Paint: Flat & Satin Black Are In. Glossy Black Is Out.

Motorcycle & car custom builders have used black primer for decades to log the progress of their fabrication work. Why? Because of the “flop”.  A flat black has a beautiful “flop”, the contrast between the light side and dark side of a surface. For designers & fabricators, it’s the best way to appreciate the purity & beauty of a line, of a form, of a surface.  Since many years, flat black, instead of shiny paint jobs, has also been used as the finishing paint, or as accent, on new custom motorcycles and cars, but occasionally, to accentuate the retro look of a style or model. During these last 3 years, we saw a resurgence of flat black paint on Bobber motorcycles and Rat Rod Cars & Trucks (with or without the use of pinstripes). During the chrome excess of the 90’s, more & more custom bikes went looking like Christmas trees: there was so much chrome and glossy painted surfaces that shiny parts were reflecting in shiny parts, reflecting in more shining parts. Result: body lines, even as beautiful they could be, disappeared in an ocean of blinding lights.  In reaction, the sinister look is back. But there are 2 potential dangers. Flat black poorly executed conveys poor quality for the vehicle (please, don’t use BBQ spray can, except if it’s your theme). And if everybody embraces the matte black look at the same time it’s going to be very boring to the eyes. Partial answer: using semi gloss black or mixing different shines of black. By the way, there is a new trend running in parallel of the black look. The steel look, burnished or not. But it will be for another post in this Blog.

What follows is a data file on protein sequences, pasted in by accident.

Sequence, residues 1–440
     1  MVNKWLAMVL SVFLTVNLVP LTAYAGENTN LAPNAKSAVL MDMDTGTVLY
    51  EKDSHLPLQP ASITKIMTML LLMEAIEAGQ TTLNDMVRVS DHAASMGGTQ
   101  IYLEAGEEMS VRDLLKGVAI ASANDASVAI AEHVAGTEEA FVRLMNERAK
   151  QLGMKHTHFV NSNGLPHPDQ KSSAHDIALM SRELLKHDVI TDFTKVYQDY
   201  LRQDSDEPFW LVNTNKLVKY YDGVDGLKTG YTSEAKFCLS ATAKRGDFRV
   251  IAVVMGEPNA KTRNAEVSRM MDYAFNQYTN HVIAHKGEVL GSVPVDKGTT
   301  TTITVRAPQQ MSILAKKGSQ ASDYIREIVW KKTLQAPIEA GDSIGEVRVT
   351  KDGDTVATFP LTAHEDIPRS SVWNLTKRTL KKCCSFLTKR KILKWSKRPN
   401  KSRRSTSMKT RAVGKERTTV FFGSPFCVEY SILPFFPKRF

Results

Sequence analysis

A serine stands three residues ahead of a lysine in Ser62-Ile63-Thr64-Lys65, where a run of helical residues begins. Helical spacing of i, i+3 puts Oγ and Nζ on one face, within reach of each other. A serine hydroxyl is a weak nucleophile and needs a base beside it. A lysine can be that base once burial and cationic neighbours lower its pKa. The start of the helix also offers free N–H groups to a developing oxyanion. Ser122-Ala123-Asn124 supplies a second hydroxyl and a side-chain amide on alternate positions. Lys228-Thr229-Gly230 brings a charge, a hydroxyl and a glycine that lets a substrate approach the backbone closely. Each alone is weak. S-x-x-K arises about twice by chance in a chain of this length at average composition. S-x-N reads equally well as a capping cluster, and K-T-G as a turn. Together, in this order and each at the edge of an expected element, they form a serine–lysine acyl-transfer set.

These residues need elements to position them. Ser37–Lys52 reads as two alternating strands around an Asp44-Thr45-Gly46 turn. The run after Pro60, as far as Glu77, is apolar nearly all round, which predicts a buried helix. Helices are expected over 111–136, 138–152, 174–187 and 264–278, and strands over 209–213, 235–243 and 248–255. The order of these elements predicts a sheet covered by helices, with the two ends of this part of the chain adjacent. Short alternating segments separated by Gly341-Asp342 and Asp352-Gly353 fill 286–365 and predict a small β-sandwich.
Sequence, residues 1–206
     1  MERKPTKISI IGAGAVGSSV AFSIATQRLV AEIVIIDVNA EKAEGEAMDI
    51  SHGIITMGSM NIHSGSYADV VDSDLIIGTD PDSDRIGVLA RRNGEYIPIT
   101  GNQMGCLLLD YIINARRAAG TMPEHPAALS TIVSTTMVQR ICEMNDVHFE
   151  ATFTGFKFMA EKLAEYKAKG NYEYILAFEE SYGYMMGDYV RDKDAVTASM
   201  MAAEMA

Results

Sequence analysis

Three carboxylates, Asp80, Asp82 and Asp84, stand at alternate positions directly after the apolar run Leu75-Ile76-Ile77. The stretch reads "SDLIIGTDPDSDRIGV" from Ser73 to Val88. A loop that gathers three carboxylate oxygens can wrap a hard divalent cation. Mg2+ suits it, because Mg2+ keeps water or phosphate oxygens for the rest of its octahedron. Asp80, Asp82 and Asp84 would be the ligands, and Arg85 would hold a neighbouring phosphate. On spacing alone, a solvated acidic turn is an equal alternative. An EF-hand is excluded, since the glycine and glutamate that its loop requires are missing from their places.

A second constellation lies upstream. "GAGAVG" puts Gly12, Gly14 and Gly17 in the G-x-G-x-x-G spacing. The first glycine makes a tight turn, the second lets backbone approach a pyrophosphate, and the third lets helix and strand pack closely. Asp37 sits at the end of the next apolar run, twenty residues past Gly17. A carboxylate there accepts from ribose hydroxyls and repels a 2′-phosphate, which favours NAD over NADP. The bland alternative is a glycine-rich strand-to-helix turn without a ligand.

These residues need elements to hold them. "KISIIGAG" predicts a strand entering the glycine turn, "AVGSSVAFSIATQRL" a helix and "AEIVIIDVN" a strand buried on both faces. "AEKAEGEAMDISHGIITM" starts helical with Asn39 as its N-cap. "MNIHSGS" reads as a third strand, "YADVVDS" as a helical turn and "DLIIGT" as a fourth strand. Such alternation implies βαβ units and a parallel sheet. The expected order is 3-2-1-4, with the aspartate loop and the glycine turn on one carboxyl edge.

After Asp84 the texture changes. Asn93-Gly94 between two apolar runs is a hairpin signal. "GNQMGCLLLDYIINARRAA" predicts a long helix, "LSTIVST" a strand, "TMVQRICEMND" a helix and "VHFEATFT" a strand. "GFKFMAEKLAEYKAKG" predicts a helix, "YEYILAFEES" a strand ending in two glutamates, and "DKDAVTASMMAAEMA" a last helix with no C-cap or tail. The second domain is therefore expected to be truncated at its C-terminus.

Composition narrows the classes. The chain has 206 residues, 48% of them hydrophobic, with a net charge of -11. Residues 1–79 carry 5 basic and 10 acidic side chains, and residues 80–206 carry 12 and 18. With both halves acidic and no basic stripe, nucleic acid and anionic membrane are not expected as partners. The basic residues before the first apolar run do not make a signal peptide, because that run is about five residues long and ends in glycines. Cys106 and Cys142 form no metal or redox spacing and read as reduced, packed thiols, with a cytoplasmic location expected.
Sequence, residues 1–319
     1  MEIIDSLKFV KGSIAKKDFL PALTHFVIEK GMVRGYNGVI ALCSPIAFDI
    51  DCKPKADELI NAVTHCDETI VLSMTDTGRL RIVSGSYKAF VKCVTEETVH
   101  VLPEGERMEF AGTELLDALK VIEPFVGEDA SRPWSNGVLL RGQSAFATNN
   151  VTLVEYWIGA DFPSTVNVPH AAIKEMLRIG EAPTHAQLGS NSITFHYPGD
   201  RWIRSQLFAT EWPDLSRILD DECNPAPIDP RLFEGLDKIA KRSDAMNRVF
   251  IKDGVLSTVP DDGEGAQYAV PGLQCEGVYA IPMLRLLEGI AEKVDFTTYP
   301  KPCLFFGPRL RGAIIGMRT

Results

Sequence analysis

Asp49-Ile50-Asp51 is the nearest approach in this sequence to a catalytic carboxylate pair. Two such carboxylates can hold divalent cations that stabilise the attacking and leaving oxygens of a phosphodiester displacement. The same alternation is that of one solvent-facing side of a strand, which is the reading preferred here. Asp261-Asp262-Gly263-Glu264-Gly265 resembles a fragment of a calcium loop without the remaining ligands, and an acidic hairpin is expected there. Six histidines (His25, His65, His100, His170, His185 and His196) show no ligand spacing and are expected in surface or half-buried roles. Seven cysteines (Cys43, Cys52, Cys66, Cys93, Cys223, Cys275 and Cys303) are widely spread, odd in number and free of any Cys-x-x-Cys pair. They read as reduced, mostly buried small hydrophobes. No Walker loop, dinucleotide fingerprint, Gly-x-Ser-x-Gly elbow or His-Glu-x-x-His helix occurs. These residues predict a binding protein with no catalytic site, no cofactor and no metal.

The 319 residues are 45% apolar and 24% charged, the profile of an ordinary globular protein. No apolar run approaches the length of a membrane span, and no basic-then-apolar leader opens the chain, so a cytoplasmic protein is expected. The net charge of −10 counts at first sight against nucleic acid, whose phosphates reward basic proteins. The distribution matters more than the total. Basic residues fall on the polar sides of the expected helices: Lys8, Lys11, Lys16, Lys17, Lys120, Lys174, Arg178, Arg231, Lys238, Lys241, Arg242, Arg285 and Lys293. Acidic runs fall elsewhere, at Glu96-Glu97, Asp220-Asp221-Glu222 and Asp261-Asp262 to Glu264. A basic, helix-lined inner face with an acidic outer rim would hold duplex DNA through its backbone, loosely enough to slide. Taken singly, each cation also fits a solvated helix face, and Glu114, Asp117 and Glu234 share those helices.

2 Responses to “Paint: Flat & Satin Black Are In. Glossy Black Is Out.”

  1. 1 marc Nov 17th, 2006 at 4:52 pm

    I just had David Londono at Flawless paint my bike in satin black with naked aluminum scallops trimmed in gold. He did a ’50 Vargas girl on the tank top, and a Coop Devil’s head on the rear fender. The beauty of the satin black look is that the artwork “jumps” out of the black background. It’s a different look, but one that looks great on a “retro” look bike and I’m very happy with the end result.

    The key to keeping it looking good was David’s laying down many layers of satin clearcoat to finish off the work, and now I apply considerable layers of high quality wax to protect and keep the surface and colors from being affected by the UV’s when it’s outside being ridden.

  2. 2 ewen Dec 3rd, 2006 at 2:50 pm

    yo i just painted my 1972 slammed and smoothed beetle satin black its not finished yet but the paint when on so badly first the matting agent must have seperated cause in places its calk board black and in others its gloss whats up with that if and ones got any ideas please share my only option know is to wet and dry paper it then polish it to gloss black witch is not what i want please tell me ewen

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